let source = "how now brown cow"
var frequencies: [Character: Int] = [:
]

for c in source.characters
{
    frequencies[c,
default: 0] += 1

}

The return type of this subscript is a non-optional Value. Note that accessing the subscript as a getter never stores the default value in the dictionary—the following two lines are equivalent:

let x = frequencies["a", default: 0
]

let y = frequencies["a"] ?? 0

3. Dictionary-specific map and filter

The standard map and filter methods, while always useful and beloved, aren't ideal when applied to dictionaries. In both cases, the desired end-result is frequently another dictionary instead of an array of key-value pairs—even with the sequence-based initializer proposed above this is an inefficient way of doing things.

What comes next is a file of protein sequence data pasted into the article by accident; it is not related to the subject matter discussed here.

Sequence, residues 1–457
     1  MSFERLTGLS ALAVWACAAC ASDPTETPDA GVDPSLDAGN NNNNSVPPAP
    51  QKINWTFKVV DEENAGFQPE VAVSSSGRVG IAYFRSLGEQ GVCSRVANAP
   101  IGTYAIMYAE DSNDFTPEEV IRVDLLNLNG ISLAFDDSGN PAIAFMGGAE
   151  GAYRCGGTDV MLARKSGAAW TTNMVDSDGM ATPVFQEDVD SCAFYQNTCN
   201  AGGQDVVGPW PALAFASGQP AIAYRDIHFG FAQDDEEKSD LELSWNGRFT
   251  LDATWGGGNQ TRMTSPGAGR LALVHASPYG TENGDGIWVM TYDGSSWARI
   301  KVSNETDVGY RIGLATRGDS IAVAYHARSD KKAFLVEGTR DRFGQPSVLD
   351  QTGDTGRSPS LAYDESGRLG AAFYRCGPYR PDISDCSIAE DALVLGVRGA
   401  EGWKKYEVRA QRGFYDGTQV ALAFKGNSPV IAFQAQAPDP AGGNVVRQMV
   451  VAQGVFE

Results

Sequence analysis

Additionally, the standard map method doesn't gracefully support passing a function when transforming only the values of a dictionary. The transform function must accept and return key/value pairs, necessitating a custom closure in nearly every case.

Assuming the addition of a sequence-based initializer, the current filter and map look like the following:

let numbers = ["one": 1, "two": 2, "three": 3, "four": 4
]

let evens = Dictionary(numbers.lazy.filter { $0.value % 2 == 0 })!
// ["four": 4, "two": 2]
let strings = Dictionary(numbers.lazy.map { (k, v) in (k, String(v)) })!
// ["three": "3", "four": "4", "one": "1", "two": "2"]

Proposed solution

This proposal adds two new methods for Dictionary:

  • A mapValues method that keeps a dictionary's keys intact while transforming the values. Mapping a dictionary's key/value pairs can't always produce a new dictionary, due to the possibility of key collisions, but mapping only the values can produce a new dictionary with the same underlying layout as the original.